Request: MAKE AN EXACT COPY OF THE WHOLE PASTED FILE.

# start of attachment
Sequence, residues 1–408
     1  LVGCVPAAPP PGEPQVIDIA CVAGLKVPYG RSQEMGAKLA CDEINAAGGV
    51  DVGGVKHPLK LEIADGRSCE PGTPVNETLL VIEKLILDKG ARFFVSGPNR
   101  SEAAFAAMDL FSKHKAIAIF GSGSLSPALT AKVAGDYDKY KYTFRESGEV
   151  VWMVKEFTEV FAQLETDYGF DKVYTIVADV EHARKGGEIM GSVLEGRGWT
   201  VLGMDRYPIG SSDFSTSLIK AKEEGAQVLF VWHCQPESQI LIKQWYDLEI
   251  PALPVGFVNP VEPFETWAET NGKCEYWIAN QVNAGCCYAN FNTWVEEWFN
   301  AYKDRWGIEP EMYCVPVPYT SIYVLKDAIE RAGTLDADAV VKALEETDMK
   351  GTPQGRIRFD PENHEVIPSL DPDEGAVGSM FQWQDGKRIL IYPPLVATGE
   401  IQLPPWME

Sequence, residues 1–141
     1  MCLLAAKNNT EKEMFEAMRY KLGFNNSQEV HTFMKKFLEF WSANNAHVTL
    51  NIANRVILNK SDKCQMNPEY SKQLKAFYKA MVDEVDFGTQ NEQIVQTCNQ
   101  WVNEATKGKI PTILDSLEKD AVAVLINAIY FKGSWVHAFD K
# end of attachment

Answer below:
Sequence, residues 1–408
     1  LVGCVPAAPP PGEPQVIDIA CVAGLKVPYG RSQEMGAKLA CDEINAAGGV
    51  DVGGVKHPLK LEIADGRSCE PGTPVNETLL VIEKLILDKG ARFFVSGPNR
   101  SEAAFAAMDL FSKHKAIAIF GSGSLSPALT AKVAGDYDKY KYTFRESGEV
   151  VWMVKEFTEV FAQLETDYGF DKVYTIVADV EHARKGGEIM GSVLEGRGWT
   201  VLGMDRYPIG SSDFSTSLIK AKEEGAQVLF VWHCQPESQI LIKQWYDLEI
   251  PALPVGFVNP VEPFETWAET NGKCEYWIAN QVNAGCCYAN FNTWVEEWFN
   301  AYKDRWGIEP EMYCVPVPYT SIYVLKDAIE RAGTLDADAV VKALEETDMK
   351  GTPQGRIRFD PENHEVIPSL DPDEGAVGSM FQWQDGKRIL IYPPLVATGE
   401  IQLPPWME

Sequence, residues 1–141
     1  MCLLAAKNNT EKEMFEAMRY KLGFNNSQEV HTFMKKFLEF WSANNAHVTL
    51  NIANRVILNK SDKCQMNPEY SKQLKAFYKA MVDEVDFGTQ NEQIVQTCNQ
   101  WVNEATKGKI PTILDSLEKD AVAVLINAIY FKGSWVHAFD K